International Institute for Higher Education Research & Capacity Building

Cross-Electives & Core Courses

Electives

Globalization of Education – (MA DLB) 0388

Historically education has been a privilege for the few in every country context. This course takes a global perspective in studying how access to education globalized 1990 onwards with the UN Declaration of Education for All and a more recent focus on access to Quality Education for All under the UN Sustainable Development Goal 4. Students read some of the seminal theoretical texts on globalization and education. Thereafter, by studying case studies from different countries, students learn how global organizations, such as the United Nations, do policy advocacy at the national level and how policy processes have been historically circulating around the world from the colonial period to the contemporary times.

Global Citizenship and International Understanding- MA (DLB) 0446

This course was designed to help students gain a critical understanding of the concept of “global citizenship” in the context of the UN declaration of the 17 sustainable development goals. The course begins with theoretical readings on the concepts of citizenship and globalization. Thereafter, the course materials discuss how and under what circumstances the UN and other global organizations developed the concept of “global citizenship education” building on the earlier concept of “education for international understanding’. Students write a reflection paper, work on a group project and develop a final research paper as part of the continuous learning assessment for the course.

Governance of Higher Education in India (DS-C-04)

The HE sector is getting more complex by the day owing to growth in private and public institutions, as well as the diversity in the models that they utilize to govern, administer, and generate funds. A researcher of higher education is interested in looking at the specific phenomenon that happens within the spaces designated as HEI or allied spaces that are intricately linked to or get impacted by HEI. These phenomena of interest to research scholars occur within particular contexts. This context of HEI can be seen as either illuminating the phenomena under study or influencing them, or in some case, the context itself can be the object of study. The governance structures of HEI and the logics governing these structures can be considered as one such crucial contextual element. Therefore, it becomes crucial for any scholar of HE to have a fair understanding of these governance structures. This Ph.D. elective course is aimed at providing the participants with an understanding of the way Indian HEI are governed through in-depth reading of selected literature (including specific policies or institutions, theoretical frameworks, and comparative perspectives) and in-class discussions.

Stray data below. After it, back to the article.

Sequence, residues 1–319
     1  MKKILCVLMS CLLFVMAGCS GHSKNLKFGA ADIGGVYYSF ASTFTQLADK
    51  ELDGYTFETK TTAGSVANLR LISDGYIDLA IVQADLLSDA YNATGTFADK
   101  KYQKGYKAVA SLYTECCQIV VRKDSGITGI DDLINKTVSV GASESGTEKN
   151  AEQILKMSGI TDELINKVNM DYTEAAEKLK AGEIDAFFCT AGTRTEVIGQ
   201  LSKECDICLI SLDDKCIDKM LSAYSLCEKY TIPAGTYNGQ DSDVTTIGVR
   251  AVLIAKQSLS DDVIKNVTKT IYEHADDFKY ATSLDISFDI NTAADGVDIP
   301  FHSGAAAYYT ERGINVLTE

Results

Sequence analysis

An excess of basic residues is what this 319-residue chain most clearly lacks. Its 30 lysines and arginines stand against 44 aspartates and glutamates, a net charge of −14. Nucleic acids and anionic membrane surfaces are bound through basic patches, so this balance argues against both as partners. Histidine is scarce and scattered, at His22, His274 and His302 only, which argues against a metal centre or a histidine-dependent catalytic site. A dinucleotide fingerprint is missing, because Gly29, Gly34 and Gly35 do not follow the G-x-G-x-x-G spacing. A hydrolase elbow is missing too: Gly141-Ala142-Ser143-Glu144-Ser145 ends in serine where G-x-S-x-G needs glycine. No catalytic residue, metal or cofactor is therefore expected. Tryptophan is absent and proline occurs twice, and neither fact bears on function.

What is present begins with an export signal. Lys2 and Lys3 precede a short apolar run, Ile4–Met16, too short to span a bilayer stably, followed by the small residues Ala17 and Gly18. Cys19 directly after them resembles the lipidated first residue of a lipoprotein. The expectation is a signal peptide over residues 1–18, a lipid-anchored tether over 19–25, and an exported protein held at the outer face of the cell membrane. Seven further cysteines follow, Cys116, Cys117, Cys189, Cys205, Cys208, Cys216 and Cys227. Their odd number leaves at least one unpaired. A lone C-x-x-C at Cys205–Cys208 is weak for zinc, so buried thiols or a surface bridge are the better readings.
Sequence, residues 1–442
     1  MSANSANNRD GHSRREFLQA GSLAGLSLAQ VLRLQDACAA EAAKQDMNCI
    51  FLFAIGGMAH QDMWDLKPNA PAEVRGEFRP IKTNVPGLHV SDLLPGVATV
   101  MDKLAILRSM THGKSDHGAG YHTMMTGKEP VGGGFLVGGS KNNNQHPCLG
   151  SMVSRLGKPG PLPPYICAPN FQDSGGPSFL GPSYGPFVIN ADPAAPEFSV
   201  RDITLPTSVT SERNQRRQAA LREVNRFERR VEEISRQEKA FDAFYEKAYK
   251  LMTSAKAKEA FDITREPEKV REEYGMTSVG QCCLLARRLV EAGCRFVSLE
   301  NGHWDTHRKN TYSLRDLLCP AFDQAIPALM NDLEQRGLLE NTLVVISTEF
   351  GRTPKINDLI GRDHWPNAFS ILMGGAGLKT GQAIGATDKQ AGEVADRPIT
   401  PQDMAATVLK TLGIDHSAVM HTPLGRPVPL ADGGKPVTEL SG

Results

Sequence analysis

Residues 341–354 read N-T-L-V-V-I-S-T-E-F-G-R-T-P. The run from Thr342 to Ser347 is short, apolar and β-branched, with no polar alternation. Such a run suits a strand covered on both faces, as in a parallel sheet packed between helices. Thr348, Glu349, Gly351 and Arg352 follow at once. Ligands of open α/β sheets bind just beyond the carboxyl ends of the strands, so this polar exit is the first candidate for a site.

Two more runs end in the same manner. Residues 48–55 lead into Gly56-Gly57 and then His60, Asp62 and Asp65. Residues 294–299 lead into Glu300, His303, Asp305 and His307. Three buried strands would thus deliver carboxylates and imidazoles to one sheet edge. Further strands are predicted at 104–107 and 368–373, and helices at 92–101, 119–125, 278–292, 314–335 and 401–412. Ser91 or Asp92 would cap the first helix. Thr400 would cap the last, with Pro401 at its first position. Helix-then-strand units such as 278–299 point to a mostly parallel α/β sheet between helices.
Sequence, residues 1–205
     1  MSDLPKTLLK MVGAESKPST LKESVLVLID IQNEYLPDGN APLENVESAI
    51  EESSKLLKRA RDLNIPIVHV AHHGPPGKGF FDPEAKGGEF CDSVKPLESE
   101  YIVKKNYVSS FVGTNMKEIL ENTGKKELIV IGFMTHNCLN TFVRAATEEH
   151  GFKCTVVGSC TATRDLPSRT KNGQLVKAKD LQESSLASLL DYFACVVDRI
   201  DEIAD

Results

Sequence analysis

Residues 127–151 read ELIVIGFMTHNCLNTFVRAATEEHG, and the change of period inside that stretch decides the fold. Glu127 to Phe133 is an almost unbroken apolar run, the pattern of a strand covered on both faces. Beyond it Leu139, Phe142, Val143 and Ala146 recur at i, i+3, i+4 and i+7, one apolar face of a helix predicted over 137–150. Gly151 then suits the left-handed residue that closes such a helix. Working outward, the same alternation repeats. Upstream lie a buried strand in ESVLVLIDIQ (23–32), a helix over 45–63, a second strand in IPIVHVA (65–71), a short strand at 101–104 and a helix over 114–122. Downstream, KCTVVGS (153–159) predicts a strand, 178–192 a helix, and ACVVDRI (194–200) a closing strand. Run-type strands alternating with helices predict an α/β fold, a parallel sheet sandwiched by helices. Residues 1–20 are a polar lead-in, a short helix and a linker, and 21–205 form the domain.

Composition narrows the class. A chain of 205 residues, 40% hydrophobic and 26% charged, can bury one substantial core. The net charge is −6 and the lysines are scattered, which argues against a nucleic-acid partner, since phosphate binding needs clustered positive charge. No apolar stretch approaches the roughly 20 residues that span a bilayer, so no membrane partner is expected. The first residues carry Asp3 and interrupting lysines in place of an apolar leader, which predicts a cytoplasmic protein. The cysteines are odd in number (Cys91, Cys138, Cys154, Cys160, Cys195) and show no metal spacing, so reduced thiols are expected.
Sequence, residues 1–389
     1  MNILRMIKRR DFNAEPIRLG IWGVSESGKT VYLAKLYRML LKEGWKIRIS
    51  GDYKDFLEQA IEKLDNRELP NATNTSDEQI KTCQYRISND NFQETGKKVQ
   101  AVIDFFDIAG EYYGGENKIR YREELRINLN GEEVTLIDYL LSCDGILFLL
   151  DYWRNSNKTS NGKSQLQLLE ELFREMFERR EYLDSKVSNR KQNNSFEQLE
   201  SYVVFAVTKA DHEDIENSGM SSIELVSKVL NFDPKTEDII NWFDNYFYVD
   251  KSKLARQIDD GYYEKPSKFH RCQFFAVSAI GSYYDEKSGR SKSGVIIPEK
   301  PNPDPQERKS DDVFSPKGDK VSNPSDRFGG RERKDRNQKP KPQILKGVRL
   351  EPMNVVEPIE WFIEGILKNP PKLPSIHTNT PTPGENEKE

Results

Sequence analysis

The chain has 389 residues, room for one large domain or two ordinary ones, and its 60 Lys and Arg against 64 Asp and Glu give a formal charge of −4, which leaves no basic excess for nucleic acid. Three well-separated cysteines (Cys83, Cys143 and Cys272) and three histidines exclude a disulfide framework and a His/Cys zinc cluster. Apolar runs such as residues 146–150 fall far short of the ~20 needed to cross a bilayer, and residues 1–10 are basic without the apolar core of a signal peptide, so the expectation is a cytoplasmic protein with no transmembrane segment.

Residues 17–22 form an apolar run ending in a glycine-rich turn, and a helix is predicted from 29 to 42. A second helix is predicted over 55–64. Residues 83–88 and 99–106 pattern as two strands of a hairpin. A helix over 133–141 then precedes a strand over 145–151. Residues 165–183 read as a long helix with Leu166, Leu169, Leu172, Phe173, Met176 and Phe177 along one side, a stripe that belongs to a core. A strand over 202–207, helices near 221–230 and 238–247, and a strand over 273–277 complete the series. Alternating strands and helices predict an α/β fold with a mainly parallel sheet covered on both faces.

Compassion and Secular Ethics for Democracy and SDGs

This course focuses on the social and emotional learning of young citizens to implement the UN Sustainable Development Goals. The course will help students to gain deeper understanding of the concepts of compassion, secular ethics and democracy. Students will read theoretical readings on the 3 main concepts- compassion, secular ethics and, democracy. Thereafter, they will reflect on actual scenarios, stories and case studies based on these concepts. As part of the continuous learning assessment for this course, the students will work on an individual reflection paper on the concepts and a group project to demonstrate how the concepts learnt through this course could be applicable to actually implement the UN Sustainable Development goals.